Imagine being at the Jordan River on that day some 2000 years ago when Jesus came to John the Baptist wanting to be baptized. John was there baptizing those who repented of their sin. Then along comes Jesus, someone John knew to be the Messiah, someone John knew had committed no sin, wanting to be baptized. John also knew his place as a sinner in the world. That is why John says to Jesus, “I need to be baptized by you, yet you come to me?”

John recognized something he had in common with those people, as well as many others I have talked with, he wasn’t worthy of what he was being asked to do. And yet, it was Jesus who was asking him to do this. Jesus was saying, in essence, “Hey, give me this one, baptize me today.” John realized that by His words, Jesus was making John worthy of the requested action.

When the baptism was done, Jesus heard God speak saying, “This is my Son, whom I dearly love; I find happiness in him.”

As we will see down the road, eventually Jesus will die on a cross. He died so we might have life. He died to make us worthy. God loves each of us so much, that God would die for each of us.

All those folks, whether they were right in the situation or not, whether they were the perpetrator or the victim, in themselves, because they are all sinners, just as we all are sinners, are in themselves unworthy of the love God has for them. But, at least for we who believe, Jesus makes us worthy. We are a beloved child of God.

I may not be right about this, but I like to think I am, when we accept God’s love for us, I think all of heaven hears, “This is my child whom I dearly love. With this child, I am well pleased.”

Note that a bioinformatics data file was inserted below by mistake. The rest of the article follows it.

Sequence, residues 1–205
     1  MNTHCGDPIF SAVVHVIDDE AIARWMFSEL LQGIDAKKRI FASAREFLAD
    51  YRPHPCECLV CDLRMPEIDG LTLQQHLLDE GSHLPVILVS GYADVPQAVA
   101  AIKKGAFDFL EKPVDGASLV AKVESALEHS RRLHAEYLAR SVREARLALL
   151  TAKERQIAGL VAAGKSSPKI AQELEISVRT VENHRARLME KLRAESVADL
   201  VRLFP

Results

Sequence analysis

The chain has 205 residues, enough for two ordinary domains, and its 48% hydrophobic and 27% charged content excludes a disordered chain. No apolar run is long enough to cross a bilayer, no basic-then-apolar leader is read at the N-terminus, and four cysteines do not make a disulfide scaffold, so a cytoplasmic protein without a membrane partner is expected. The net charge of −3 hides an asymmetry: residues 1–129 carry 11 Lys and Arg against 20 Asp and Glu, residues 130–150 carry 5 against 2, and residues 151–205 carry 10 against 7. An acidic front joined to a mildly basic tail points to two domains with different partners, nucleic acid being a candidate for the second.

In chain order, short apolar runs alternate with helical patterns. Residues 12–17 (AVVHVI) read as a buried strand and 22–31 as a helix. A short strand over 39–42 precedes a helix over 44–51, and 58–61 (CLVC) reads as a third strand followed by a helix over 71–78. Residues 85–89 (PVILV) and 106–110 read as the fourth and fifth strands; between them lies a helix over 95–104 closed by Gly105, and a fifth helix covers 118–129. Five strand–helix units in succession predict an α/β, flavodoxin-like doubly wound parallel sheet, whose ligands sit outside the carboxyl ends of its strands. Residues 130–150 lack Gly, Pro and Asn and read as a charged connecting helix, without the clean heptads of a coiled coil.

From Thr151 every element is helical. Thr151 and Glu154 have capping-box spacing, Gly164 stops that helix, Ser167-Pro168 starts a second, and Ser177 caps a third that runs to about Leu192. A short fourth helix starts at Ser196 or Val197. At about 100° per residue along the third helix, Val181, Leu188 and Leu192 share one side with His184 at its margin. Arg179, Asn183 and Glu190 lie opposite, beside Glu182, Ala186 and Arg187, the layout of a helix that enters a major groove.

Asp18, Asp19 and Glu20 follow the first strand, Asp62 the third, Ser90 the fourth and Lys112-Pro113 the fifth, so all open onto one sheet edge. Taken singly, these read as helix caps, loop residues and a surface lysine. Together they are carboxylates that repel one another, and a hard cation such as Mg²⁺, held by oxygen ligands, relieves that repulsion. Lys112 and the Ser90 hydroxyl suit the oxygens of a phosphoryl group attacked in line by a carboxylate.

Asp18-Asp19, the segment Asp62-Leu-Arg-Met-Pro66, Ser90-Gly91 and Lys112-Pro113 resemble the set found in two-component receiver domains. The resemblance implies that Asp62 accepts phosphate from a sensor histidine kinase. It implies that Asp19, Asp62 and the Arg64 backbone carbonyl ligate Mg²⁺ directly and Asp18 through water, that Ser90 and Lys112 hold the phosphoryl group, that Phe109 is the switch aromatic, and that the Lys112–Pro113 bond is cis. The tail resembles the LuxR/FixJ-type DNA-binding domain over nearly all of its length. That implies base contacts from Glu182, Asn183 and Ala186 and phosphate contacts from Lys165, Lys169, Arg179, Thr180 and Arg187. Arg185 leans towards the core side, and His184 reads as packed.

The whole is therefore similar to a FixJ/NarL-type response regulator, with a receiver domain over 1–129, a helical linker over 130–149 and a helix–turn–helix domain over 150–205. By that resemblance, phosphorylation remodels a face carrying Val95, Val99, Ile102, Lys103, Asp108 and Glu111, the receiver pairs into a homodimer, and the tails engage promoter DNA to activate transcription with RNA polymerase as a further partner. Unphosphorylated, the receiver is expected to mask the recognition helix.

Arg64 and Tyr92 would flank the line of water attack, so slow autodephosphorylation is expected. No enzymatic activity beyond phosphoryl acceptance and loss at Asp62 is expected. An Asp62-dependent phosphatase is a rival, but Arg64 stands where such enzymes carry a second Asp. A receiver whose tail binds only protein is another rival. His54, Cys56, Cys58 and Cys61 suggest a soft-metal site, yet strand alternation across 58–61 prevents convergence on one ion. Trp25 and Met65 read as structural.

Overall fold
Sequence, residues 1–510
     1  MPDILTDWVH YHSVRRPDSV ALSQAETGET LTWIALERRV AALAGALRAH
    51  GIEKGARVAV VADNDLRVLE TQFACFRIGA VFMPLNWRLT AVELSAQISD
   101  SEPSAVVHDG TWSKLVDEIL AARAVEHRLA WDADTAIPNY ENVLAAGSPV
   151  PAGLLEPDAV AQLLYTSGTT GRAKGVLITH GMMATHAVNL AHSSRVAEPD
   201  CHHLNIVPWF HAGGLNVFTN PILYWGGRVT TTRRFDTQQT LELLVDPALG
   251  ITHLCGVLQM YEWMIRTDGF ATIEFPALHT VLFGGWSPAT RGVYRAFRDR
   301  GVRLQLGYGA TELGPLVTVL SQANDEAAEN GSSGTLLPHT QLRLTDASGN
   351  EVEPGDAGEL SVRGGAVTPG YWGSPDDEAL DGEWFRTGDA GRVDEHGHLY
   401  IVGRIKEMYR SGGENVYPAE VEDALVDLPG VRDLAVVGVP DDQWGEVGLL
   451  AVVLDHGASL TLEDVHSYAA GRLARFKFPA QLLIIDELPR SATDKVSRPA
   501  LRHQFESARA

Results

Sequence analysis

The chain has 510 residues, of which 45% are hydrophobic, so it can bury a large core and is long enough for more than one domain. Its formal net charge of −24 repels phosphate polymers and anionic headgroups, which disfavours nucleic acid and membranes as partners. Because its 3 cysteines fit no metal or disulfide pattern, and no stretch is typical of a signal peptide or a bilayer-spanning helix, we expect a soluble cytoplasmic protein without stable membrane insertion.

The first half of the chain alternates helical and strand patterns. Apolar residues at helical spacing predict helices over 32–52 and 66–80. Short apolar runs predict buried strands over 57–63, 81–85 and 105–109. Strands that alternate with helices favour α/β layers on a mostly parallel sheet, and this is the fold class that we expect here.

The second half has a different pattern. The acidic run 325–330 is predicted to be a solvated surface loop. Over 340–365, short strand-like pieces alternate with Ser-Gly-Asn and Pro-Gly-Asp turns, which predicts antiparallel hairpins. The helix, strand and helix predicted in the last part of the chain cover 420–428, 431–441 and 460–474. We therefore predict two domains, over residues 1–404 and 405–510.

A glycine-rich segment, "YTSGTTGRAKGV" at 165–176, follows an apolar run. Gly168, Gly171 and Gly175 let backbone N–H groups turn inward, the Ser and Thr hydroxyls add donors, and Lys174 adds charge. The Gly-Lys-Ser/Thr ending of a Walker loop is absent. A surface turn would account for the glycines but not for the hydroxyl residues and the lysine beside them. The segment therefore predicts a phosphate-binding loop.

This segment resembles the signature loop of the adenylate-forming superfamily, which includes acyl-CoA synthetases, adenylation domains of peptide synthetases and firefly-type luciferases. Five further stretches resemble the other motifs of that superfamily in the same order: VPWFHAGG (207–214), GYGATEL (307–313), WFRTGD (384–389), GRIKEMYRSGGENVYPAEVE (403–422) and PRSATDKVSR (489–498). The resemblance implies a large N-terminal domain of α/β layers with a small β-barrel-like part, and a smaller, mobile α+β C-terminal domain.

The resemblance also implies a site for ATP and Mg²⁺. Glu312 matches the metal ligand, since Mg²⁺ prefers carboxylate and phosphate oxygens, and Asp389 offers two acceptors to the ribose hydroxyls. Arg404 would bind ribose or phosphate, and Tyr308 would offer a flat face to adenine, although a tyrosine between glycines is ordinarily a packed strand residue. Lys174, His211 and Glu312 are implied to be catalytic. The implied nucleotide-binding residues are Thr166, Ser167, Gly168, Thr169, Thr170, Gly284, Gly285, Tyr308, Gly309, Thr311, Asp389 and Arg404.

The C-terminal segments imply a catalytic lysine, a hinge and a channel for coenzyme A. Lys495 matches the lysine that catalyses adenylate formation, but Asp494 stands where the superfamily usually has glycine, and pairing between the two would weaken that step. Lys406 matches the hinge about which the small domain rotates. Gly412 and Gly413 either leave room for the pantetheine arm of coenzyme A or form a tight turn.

What have you done that makes you believe you are unworthy? Guess what, Jesus died for you too. Because of that death, you, a beloved child of God are made worthy.

Have a blessed day in the Lord.

Joy and Peace,

Copyright 2017, J. Keith Broyles, All Rights Reserved.

Blessed… On Confession

In those days John the Baptist appeared in the desert of Judea announcing, “Change your hearts and lives! Here comes the kingdom of heaven!” He was the one of whom Isaiah the prophet spoke when he said:

The voice of one shouting in the wilderness, “Prepare the way for the Lord; make his paths straight.” 

John wore clothes made of camel’s hair, with a leather belt around his waist. He ate locusts and wild honey. People from Jerusalem, throughout Judea, and all around the Jordan River came to him. As they confessed their sins, he baptized them in the Jordan River. Many Pharisees and Sadducees came to be baptized by John. He said to them, “You children of snakes! Who warned you to escape from the angry judgment that is coming soon? Produce fruit that shows you have changed your hearts and lives. And don’t even think about saying to yourselves, Abraham is our father. I tell you that God is able to raise up Abraham’s children from these stones. The ax is already at the root of the trees. Therefore, every tree that doesn’t produce good fruit will be chopped down and tossed into the fire. I baptize with water those of you who have changed your hearts and lives. The one who is coming after me is stronger than I am. I’m not worthy to carry his sandals. He will baptize you with the Holy Spirit and with fire. The shovel he uses to sift the wheat from the husks is in his hands. He will clean out his threshing area and bring the wheat into his barn. But he will burn the husks with a fire that can’t be put out” (Matthew 3:1-12, Common English Bible).